Report cards and grades let parents measure how well their child is doing in school. But until recently, finding out how well the school itself was doing was a whole lot harder.

Now four Web sites make it a cinch to dig up data on a variety of schools - in the Bay Area, California and nationwide - by allowing parents to quickly get such information as the latest test scores, class sizes, teacher credentials, school enrollment, advanced placement and ratios such as the number of students per computer."The information was there, but it was harder to get," said John Kotko, a Redwood Shores father whose daughter is in first grade. "You'd have to rely on word of mouth or talking to school district officials, who are only going to say good things about their schools."

Kotko said the Web lets him do more than simply retrieve data on his daughter's school; it helps him determine which are the best schools and what makes them that way.

In the past, parents seeking detailed school data faced the laborious task of contacting each school or district individually, often running into resistance from school officials who tend to shy away from comparisons, education experts said.

The newest site, launched about two weeks ago, is (www.greatschools.net). Great Schools is a project of the nonprofit Silicon Valley group Smart Valley Inc. that is paid for with corporate and foundation funds. The new Web site offers complete information on 100 schools in San Mateo and Santa Clara counties.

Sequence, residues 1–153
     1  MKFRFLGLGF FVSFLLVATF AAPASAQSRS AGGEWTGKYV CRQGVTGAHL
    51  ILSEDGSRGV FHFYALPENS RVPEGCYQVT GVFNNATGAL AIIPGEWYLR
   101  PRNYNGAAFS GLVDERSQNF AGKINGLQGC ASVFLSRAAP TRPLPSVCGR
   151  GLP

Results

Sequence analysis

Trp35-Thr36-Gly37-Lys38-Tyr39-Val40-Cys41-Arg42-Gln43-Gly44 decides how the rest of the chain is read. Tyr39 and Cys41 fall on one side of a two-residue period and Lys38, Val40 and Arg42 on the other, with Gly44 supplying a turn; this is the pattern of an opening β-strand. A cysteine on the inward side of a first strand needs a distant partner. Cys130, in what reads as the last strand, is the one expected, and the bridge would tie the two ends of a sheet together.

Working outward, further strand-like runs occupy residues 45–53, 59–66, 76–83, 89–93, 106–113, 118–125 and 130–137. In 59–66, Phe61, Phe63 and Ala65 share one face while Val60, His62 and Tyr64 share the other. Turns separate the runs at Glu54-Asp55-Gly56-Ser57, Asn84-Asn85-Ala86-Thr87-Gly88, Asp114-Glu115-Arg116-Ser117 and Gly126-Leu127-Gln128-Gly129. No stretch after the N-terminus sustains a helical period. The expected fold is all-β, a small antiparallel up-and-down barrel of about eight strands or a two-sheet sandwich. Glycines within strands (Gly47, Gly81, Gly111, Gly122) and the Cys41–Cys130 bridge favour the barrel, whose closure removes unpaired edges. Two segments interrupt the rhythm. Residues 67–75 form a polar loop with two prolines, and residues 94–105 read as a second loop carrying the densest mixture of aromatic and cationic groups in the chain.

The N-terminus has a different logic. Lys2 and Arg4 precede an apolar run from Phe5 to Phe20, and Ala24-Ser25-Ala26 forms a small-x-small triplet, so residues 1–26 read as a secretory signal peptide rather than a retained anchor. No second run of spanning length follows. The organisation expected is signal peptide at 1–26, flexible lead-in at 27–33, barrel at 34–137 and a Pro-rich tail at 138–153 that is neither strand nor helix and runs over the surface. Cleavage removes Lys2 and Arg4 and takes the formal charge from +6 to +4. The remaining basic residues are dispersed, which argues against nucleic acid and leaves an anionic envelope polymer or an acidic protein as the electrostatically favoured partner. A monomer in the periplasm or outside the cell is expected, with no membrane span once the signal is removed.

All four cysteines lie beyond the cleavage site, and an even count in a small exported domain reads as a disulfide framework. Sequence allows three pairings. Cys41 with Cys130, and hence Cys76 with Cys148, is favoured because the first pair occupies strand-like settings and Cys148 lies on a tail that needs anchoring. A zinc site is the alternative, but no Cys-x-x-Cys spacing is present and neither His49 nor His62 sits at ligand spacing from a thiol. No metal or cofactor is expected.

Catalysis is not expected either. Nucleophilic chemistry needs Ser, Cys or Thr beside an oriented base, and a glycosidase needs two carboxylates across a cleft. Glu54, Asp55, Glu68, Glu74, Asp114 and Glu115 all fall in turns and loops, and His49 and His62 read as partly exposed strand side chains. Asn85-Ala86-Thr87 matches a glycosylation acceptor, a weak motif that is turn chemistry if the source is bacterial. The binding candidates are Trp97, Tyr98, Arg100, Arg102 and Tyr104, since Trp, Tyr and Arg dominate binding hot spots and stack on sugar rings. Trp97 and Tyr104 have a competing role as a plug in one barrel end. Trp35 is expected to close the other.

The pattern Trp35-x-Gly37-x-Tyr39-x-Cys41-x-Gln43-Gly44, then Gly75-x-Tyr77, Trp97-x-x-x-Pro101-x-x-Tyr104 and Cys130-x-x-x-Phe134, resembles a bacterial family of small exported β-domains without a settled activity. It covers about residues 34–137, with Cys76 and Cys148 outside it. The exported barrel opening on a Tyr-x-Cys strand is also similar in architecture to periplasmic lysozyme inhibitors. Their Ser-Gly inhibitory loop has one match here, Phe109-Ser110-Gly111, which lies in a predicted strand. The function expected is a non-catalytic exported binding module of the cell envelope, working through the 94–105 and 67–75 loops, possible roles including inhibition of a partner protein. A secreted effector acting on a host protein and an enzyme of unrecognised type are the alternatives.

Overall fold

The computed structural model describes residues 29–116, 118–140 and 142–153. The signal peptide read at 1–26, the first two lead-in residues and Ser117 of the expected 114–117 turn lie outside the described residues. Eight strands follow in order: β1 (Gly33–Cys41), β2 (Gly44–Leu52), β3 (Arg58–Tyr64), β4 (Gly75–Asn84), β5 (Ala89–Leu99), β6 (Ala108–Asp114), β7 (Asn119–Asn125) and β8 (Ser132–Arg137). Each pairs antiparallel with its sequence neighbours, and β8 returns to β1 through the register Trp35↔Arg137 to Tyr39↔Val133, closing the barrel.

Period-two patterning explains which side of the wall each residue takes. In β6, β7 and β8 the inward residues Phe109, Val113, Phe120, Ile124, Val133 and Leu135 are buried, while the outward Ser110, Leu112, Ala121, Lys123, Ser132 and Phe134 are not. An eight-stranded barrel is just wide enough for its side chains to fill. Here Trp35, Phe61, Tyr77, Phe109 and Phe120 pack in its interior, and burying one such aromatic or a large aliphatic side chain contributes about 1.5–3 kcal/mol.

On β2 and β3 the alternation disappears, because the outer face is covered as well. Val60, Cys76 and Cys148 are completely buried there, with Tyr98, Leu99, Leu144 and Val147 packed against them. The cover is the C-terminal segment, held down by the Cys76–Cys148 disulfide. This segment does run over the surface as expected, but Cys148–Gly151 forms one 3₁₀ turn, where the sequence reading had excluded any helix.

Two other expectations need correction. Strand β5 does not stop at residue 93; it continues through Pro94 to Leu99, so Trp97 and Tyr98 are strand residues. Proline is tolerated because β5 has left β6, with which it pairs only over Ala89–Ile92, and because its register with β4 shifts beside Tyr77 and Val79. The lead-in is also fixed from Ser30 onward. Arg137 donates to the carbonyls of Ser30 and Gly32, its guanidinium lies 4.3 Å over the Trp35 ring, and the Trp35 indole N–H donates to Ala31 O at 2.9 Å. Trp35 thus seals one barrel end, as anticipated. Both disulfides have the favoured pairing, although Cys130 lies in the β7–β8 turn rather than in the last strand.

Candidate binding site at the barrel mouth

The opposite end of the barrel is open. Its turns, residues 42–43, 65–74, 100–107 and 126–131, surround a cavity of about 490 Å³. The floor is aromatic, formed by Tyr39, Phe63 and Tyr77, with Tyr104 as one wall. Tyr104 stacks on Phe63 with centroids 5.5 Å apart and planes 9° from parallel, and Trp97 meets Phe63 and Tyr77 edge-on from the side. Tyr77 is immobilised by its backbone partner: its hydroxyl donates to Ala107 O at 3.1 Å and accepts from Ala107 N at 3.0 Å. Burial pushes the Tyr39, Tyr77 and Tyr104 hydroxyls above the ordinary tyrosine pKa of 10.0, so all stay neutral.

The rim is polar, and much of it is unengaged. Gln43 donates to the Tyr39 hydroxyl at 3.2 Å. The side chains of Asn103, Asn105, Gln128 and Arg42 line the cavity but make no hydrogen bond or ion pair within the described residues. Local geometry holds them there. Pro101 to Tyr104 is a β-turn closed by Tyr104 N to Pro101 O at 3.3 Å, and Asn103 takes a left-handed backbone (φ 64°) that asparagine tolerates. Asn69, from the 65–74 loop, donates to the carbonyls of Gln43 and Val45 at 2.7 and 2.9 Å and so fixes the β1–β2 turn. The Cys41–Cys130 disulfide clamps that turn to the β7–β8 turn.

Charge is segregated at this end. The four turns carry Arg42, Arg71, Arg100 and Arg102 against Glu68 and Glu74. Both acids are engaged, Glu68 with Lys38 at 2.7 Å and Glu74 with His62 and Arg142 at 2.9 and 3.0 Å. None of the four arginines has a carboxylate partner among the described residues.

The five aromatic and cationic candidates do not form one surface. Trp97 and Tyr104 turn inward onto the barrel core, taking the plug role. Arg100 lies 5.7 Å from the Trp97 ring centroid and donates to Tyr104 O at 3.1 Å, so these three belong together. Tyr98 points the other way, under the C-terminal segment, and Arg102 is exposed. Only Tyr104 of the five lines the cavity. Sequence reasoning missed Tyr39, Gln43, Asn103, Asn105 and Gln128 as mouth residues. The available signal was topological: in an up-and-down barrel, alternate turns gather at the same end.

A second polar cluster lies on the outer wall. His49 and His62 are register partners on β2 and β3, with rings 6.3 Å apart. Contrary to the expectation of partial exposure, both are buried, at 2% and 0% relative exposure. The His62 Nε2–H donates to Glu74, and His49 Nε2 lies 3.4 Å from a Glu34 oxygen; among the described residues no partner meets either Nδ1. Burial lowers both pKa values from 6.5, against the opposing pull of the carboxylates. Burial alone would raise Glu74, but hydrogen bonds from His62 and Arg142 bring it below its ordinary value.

Free school profiles include math and reading test scores, average class size for each grade, school curriculum, teaching philosophy, technology, enrichment programs, day care, safety and a demographic breakdown.

Besides statistics, the site has miniprofiles of school programs and basic information about the California public school system.

"The more good information people have about school quality and character, the more effective they'll be in pushing for and contributing to school improvement," said Bill Jackson, Great Schools president.

By the end of November, some 300 schools will be listed, and, eventually, all 1,200 public schools in the Bay Area will be profiled, Jackson said.

Another free site, (www.ed-data.k12.ca.us), offers similar information - but for all California public schools.